April 24, 2020 10:17 am
A lockdown is an emergency measure or condition in which people are temporarily prevented from entering or leaving a restricted area during a threat of danger.
The first known use of the term “lockdown” goes back to 1973. It was a measure taken in prison when all prisoners were locked in their cells to prevent prison riots or unrest from spreading or during an emergency.
But today, and for the first time in history, almost half of the global population is on coronavirus lockdown.
What does lockdown imply?
In most cases lockdowns involve a ban on people going out, apart from travelling to and from work unless this can’t be done from home, buying essential supplies of food and medicine, helping others in need, and getting some brief exercise. All non-essential businesses are closed as are all schools and universities.
- On 23 January China locked down Wuhan city, home to 11 million people, where Covid-19 is thought to have originated.
- On 8 March Italy shut down the northern region that was most severely affected by the virus; two days later it extended the controls to the entire country.
- On March 16, the European Union banned non-essential travel into the region for at least 30 days.
- As of today, over 100 countries worldwide had instituted either a full or partial lockdown by the end of March 2020, affecting billions of people.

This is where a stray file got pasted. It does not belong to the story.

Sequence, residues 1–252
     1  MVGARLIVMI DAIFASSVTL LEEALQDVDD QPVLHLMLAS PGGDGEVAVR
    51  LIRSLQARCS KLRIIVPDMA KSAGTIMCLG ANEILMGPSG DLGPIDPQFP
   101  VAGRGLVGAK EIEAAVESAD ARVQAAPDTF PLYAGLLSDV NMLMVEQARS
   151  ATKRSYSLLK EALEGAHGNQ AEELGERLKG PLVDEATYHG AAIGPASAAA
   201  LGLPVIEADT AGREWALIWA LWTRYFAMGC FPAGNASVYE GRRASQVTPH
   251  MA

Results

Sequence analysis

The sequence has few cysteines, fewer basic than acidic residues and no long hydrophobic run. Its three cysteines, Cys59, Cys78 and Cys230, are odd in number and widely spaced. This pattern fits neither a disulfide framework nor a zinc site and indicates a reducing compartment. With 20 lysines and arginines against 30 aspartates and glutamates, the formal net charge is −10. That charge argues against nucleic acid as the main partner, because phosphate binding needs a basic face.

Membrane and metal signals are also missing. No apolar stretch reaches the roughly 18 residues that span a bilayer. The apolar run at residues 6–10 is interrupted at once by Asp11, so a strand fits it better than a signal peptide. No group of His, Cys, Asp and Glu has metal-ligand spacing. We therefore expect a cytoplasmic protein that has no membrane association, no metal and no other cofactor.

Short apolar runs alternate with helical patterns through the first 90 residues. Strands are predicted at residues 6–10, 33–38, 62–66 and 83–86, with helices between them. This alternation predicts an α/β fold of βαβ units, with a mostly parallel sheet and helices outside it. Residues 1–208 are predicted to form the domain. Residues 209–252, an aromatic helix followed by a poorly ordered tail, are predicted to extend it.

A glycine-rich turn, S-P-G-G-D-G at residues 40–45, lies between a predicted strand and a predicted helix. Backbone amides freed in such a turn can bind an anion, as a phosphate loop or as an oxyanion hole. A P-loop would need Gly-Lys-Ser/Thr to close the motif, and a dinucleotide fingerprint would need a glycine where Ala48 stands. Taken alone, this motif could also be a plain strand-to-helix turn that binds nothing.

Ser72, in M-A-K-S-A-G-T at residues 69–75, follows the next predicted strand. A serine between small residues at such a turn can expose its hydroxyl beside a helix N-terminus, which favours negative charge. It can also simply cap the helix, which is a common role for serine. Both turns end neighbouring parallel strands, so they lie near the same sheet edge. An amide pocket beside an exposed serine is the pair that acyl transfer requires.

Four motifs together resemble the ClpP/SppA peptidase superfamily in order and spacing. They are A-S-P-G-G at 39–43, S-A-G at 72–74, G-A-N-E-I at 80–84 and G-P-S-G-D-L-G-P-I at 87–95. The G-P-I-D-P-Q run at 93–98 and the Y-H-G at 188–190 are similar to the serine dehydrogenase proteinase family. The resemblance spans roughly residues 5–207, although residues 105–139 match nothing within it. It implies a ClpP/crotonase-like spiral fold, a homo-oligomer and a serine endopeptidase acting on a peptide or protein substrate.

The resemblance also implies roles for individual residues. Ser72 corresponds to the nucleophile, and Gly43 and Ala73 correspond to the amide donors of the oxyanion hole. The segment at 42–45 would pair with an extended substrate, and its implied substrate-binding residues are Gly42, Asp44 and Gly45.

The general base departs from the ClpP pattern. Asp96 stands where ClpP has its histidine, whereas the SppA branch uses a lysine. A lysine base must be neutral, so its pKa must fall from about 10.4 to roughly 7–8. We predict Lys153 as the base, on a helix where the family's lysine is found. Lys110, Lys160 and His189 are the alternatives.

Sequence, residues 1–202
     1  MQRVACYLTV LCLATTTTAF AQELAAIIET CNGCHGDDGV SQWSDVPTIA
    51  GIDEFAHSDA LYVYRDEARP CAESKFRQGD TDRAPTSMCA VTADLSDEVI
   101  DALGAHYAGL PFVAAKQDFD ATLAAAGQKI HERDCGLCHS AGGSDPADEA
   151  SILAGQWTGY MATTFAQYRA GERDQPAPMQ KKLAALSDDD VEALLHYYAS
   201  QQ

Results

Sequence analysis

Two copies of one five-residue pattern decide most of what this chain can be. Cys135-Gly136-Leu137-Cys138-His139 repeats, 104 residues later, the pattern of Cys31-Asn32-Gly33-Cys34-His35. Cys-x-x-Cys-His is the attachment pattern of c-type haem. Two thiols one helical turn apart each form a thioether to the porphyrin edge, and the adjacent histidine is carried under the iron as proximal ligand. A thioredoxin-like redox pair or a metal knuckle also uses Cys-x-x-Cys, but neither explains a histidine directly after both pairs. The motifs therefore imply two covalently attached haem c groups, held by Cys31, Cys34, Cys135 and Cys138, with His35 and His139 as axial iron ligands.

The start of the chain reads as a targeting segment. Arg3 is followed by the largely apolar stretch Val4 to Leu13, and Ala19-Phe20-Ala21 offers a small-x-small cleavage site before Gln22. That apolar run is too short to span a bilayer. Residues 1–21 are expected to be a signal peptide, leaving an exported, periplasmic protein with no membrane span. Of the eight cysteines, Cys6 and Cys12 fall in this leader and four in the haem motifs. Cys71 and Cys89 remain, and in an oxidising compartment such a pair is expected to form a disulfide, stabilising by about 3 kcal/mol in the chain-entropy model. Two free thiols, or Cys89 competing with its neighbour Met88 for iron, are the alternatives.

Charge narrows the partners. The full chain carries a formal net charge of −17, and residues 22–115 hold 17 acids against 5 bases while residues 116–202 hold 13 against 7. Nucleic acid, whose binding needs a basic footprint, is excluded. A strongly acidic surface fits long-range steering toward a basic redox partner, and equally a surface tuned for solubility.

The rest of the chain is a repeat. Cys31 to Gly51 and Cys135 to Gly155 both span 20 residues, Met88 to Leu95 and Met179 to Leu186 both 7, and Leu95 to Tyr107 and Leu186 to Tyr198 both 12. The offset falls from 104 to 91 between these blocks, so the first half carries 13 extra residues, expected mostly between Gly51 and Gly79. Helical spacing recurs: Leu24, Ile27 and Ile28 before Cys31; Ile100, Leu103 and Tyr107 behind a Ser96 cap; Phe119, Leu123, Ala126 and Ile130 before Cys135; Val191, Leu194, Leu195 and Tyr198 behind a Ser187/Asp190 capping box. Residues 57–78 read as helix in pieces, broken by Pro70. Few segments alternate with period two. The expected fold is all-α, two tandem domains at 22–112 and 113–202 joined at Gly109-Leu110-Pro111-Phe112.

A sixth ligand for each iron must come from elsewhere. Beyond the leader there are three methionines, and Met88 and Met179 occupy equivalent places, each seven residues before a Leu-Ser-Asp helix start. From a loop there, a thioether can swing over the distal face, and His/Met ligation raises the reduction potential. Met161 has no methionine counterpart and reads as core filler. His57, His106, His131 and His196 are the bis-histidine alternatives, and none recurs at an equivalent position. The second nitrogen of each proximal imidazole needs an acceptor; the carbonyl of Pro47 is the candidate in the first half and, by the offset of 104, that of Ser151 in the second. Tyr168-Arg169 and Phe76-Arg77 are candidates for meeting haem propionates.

The purpose of this lockdown, explains a new study from the Imperial College London COVID-19 Response Team, is to reduce reproduction – in other words, to reduce the number of people each confirmed case infects. By staying at home and practicing social distancing, the spread of the virus is slowed down.
The socio-economic consequences of this global lockdown are not yet known. But one of the few positive effects of the lockdown is that there seems to have been a drop in pollution in some parts of the world. Data from the Sentinel-5P satellite shows that nitrogen dioxide air pollution levels have plummeted across Europe since the pandemic. The canals in Venice cleared up and dolphins swim off the coast, or deer and monkeys entered cities in Japan and Thailand, all the sea turtles reclaimed Brazils’ usually crowded beaches, nature is quick to reclaim where humans have built.
This unprecedented situation has also revealed the solidarity and creativity that people can show. The main challenge for many is simply keeping up their spirits despite the boredom and isolation of being confined at home.
Whether it’s having evening drinks on video phone, chatting to neighbours through open windows, or joining in mass sing-alongs and applause, staying connected with the outside world is key. So it is time to take advantage of this particular situation and finally do the thing you never had the time for. Learn a new language, read books, work out, call your loved ones, and stay home.
Imperial College COVID-19 Response – Impact of non-pharmaceutical interventions (NPIs) to reduce COVID19 mortality and healthcare demand: https://www.imperial.ac.uk/media/imperial-college/medicine/sph/ide/gida-fellowships/Imperial-College-COVID19-NPI-modelling-16-03-2020.pdf
The Guardian – What coronavirus lockdowns have meant around the world: https://www.theguardian.com/world/2020/mar/18/what-a-coronavirus-lockdown-might-mean-for-london
Written by Eva Gozlan. She is currently validating her Master’s degree in Translation and International Communication at ISIT School.
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